Thursday, June 09, 2005

Praying for Artists

Penn & Teller's attack on Mother Teresa was covered by a number of Catholic bloggers a couple of weeks back. What I didn't hear many people saying is that we should all be praying for Penn & Teller. Maybe I'm more sensitive to this than I should be, because I've long enjoyed P&T's work. Whatever the reason, though, I do think Catholics should be praying for them. If not because it's a shame for anyone to be lost to a materialistic worldview, then because they are talented performers who promote that worldview, encouraging others to think that way. And if not for that reason, then because Penn just became a father, and that little girl is going to grow up being taught that Mother Teresa and her nuns are "f***ing c***s".

Of course, it shouldn't stop at P&T. I've long thought that, considering the power of writers and artists (including visual artists, actors, musicians, filmmakers, etc.) to influence thought, Catholics should be praying for all of them. So far I've spent more time thinking I should do it, than actually doing it. Mea culpa.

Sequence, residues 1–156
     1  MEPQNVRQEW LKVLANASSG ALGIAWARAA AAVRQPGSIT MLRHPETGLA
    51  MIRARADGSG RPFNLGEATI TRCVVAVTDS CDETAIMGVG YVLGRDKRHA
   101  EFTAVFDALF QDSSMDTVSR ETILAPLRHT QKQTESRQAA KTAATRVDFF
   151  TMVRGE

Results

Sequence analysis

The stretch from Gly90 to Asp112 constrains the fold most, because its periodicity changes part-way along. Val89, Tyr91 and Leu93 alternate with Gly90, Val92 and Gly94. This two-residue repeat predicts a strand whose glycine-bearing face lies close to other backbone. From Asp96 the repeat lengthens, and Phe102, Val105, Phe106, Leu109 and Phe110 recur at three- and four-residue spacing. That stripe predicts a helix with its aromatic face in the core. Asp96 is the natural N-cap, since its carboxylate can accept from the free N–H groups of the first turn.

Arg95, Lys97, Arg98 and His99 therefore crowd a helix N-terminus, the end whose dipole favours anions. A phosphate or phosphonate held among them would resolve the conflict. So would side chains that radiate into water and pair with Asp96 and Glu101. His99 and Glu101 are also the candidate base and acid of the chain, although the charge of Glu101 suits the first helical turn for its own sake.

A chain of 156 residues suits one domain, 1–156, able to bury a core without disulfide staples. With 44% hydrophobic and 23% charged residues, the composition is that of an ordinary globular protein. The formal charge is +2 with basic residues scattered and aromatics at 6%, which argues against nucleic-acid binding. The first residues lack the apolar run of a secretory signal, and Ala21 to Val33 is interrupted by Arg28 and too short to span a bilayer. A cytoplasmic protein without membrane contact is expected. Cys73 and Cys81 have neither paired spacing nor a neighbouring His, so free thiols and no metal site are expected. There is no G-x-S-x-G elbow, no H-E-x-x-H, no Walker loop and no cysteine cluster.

Here's a non-denominational Christian group who make it their job to pray for people in Hollywood:
I'm not much of a joiner myself, but it seems like an okay group; I'm glad to know there are people out there praying for people in the entertainment industry.

As for me, I am going to do my best to remember to pray for writers and artists more often. I owe so much of the richness in my experience to artists from the past--not just Catholics or those who lived in predominantly Catholic cultures, but others who sought Truth and Beauty in their work. I'm going to pray that more artists today seek Truth and express it in their work.

I hope there are saints praying for this too. During my conversion I was inspired and gladdened by PJPII's Letter to Artists--really, can you imagine Jerry Falwell writing that?--and right now I am imagining John Paul the Great in heaven praying for artists on earth. With Chesterton. Maybe Flannery O'Connor and Shakespeare are there too, praying with Michelangelo and Fra Angelico? Along with St. Luke and St. John, and untold numbers of others.

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